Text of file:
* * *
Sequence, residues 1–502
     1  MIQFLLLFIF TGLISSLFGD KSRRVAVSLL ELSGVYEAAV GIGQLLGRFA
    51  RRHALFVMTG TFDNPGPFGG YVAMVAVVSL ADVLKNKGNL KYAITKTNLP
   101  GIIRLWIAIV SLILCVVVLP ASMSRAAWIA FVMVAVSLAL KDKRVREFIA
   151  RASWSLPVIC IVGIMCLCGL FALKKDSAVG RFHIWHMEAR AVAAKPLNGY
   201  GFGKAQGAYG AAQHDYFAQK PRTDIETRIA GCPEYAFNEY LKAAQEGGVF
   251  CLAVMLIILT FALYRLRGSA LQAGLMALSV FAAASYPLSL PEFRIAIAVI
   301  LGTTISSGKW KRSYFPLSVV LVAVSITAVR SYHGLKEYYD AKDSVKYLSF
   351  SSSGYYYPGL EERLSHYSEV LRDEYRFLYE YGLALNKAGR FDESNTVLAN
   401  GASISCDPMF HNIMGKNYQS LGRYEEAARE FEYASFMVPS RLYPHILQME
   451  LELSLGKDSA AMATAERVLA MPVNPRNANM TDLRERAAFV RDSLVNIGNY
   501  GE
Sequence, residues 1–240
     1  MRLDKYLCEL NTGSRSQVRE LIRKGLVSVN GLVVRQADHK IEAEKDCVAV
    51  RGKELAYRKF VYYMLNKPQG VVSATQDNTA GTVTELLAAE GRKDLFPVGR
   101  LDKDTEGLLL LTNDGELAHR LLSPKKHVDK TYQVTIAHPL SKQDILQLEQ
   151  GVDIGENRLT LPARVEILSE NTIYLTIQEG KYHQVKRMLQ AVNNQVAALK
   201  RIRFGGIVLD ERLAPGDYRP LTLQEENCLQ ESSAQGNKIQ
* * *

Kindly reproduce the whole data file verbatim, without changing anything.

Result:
Sequence, residues 1–502
     1  MIQFLLLFIF TGLISSLFGD KSRRVAVSLL ELSGVYEAAV GIGQLLGRFA
    51  RRHALFVMTG TFDNPGPFGG YVAMVAVVSL ADVLKNKGNL KYAITKTNLP
   101  GIIRLWIAIV SLILCVVVLP ASMSRAAWIA FVMVAVSLAL KDKRVREFIA
   151  RASWSLPVIC IVGIMCLCGL FALKKDSAVG RFHIWHMEAR AVAAKPLNGY
   201  GFGKAQGAYG AAQHDYFAQK PRTDIETRIA GCPEYAFNEY LKAAQEGGVF
   251  CLAVMLIILT FALYRLRGSA LQAGLMALSV FAAASYPLSL PEFRIAIAVI
   301  LGTTISSGKW KRSYFPLSVV LVAVSITAVR SYHGLKEYYD AKDSVKYLSF
   351  SSSGYYYPGL EERLSHYSEV LRDEYRFLYE YGLALNKAGR FDESNTVLAN
   401  GASISCDPMF HNIMGKNYQS LGRYEEAARE FEYASFMVPS RLYPHILQME
   451  LELSLGKDSA AMATAERVLA MPVNPRNANM TDLRERAAFV RDSLVNIGNY
   501  GE
Sequence, residues 1–240
     1  MRLDKYLCEL NTGSRSQVRE LIRKGLVSVN GLVVRQADHK IEAEKDCVAV
    51  RGKELAYRKF VYYMLNKPQG VVSATQDNTA GTVTELLAAE GRKDLFPVGR
   101  LDKDTEGLLL LTNDGELAHR LLSPKKHVDK TYQVTIAHPL SKQDILQLEQ
   151  GVDIGENRLT LPARVEILSE NTIYLTIQEG KYHQVKRMLQ AVNNQVAALK
   201  RIRFGGIVLD ERLAPGDYRP LTLQEENCLQ ESSAQGNKIQ